Does it exist?

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There may be a perfectly logical reason this couldn't exist, but nothing comes to mind, and I can't find anything like it. :confused:

A Windows based control interface for ease of programming, customizable controls, low manufacturing cost (no gauges or knobs needed), and a hundred other reasons, it seems to me there should be a scanner that's similar to a portable hard drive. Just a black box with a few connectors (antenna, external speaker, exc.), and a USB port to connect to any Windows based computer...

Seems as though this would be a no brainer for the industry. I WANT ONE! :lol:

Does anything like it exist???
 
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WOW! Thanks for finding that!

I was thinking it'd be a cost savings for the manufacture... Clearly not. :eek:

Looks like a VERY nice setup, just outta the price range I was looking at. :(
 

K9WG

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Back in the 1990s there was such a scanner. It interfaced via a RS232 port. Don't remember what brand it was and I believe it only covered VHF/UHF
 

kruser

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Ha! I remember those!
I found a brand new owners manual in my radio file cabinet a year ago for that scanner. I scratched my head wondering what I'd done with it and then it hit me that I never bought the scanner. I could not afford it so I bought the owners manual for some reason.
It ran on an old Apple II Plus or IIe computer under Apple DOS 3.3. They also sold a version for the old IBM machines.

They covered the typical bands between 30 and 512 MHz and included the AM civil airband but missing the 406 - 420 federal band which was typical with Electra's Bearcat scanners back then.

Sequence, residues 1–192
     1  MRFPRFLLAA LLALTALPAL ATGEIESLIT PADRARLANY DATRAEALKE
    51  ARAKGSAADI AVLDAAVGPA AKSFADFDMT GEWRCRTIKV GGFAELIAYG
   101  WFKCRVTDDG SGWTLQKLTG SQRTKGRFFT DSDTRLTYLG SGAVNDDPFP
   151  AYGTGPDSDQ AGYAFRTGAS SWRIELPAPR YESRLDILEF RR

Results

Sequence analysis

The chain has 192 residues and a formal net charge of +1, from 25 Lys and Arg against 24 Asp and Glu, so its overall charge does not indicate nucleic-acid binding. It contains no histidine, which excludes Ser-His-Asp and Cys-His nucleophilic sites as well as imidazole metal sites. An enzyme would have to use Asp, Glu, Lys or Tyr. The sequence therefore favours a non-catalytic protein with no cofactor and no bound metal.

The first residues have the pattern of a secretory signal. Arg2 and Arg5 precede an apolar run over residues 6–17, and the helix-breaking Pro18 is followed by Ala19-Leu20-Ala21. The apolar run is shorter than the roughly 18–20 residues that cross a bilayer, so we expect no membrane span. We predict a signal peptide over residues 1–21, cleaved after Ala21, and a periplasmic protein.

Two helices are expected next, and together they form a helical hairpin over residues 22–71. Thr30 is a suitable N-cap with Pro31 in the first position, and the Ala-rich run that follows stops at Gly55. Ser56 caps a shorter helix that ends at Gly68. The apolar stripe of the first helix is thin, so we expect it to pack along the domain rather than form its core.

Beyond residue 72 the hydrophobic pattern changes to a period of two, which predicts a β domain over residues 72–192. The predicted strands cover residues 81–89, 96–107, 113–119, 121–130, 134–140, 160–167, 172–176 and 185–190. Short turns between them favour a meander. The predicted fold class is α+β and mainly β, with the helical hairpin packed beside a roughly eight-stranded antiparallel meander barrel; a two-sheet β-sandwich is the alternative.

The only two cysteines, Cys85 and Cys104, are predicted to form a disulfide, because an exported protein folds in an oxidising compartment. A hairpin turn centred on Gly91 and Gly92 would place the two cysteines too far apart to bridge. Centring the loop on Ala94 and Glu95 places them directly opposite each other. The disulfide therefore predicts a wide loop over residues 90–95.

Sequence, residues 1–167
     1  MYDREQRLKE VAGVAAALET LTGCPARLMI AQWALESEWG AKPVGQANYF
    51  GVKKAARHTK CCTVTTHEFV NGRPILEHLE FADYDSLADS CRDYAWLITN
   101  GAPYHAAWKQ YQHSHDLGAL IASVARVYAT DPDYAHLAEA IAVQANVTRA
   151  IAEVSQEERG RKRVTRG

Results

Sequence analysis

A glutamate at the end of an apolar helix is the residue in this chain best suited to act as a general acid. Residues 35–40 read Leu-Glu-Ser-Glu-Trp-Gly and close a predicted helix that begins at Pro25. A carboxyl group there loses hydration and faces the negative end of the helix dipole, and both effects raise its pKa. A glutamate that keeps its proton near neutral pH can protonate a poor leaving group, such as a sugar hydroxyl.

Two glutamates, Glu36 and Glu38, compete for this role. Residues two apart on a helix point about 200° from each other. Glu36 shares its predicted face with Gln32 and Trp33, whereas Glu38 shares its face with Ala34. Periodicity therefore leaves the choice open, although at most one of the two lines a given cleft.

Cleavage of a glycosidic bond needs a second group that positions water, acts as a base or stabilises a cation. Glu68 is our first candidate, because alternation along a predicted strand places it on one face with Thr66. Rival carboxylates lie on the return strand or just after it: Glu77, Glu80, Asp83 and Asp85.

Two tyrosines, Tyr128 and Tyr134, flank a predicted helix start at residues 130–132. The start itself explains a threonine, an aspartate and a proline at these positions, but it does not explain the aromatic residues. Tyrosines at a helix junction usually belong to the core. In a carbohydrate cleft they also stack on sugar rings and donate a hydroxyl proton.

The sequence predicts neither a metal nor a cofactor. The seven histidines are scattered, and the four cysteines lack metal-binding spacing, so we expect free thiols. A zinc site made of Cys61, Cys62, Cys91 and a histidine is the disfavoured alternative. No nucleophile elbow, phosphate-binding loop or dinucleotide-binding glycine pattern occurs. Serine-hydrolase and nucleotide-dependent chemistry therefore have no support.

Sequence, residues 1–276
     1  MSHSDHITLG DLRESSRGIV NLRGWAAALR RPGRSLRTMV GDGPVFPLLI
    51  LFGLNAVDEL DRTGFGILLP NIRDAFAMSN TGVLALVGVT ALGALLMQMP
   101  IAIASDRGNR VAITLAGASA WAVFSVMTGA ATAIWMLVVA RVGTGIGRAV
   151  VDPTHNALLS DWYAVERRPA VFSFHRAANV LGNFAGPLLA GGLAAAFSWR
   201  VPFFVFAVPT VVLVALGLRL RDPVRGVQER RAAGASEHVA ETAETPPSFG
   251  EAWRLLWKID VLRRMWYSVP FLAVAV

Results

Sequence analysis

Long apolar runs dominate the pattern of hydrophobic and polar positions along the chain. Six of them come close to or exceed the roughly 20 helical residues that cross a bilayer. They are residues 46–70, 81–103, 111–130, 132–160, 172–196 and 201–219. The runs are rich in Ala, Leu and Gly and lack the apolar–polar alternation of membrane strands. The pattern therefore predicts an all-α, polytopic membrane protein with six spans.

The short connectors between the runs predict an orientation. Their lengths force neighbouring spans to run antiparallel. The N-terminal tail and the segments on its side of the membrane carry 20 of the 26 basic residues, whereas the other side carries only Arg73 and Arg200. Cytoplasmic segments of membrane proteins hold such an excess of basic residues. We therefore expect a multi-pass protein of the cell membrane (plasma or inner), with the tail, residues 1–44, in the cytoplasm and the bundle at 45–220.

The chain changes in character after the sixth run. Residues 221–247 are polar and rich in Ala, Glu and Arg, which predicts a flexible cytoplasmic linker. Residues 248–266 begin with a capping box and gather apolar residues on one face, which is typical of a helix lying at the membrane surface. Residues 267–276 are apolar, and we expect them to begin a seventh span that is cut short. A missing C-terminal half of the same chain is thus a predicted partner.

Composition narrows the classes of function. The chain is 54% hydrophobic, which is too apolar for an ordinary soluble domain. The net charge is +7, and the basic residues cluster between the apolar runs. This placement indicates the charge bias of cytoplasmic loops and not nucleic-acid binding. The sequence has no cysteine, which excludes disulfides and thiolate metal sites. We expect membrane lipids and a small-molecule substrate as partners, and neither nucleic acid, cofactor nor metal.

They were made by Electra back before Uniden acquired the Bearcat line.
They were kinda neat and had 4 user settable relay like outputs that one could use for various things.
They still only offered 200 channels in 10 banks of 20. I guess the box had the memory instead of letting the computer do it. They did offer four lines of 30 characters per line for each of the 200 channels. I wish I had one for my collection now.

I was going to scan the manual but I see it can be found in a link at:
RadioPics Database - Bearcat/Uniden - CompuScan CP2100
 
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So many new scanners use pc's to log and enter data, the technology has been around for ages, and the "Winradio" setup is NICE! Shame this type radio hasn't caught on well enough to have a wider variety of more affordable units available. :( I believe a strong market for them exists. Just not that many people want to drop over $800 bucks on something from an off brand company they've never heard of. STEP UP Uniden, GRE, Kenwood, RS! :lol:
 
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THANKS! Did a quick look on Google on the PCR-100, looks like ICOM is all over this (or was), Found info on the 100, 1000, and 1500 right away. Need to do some more digging, but these look like exactly the type of thing I'm interested in!

Thanks again! ;)
 

Ed_Seedhouse

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Try looking for a PRC1000 receiver. There was a software package to go with it.
I have one. EDIT: Oops, I have a PCR-1500, not a 1000. The don't make the 1000 anymore but you can probably pick one up second hand on ebay or at a ham swapfest, or possibly real cheap at a thrift store. The following remarks refer to the 1500, not the 1000.

It is a very good radio and I use it every day, but it is not a true SDR in that most of the processing is still done inside the radio. Yes, you control it from your computer just like a "real" SDR but technically, it isn't one.

Also while it can scan, it cannot scan trunking systems properly nor does it decode P25 digital.

It comes with a lousy antenna and needs at least a good outdoor longwire to really perform well. If the neighbours object then inside a good big attic crawl space would likely work. I have heard a ham talking from near Tokyo running 100 watts on the 17 meter band.

On the other hand it is a nice radio and a lot cheaper than most "real" SDR's. Much easier to use and enjoy than your usual "shortwave" radio.
You haven't lived until you've use a receiver with a good bandscope!
 
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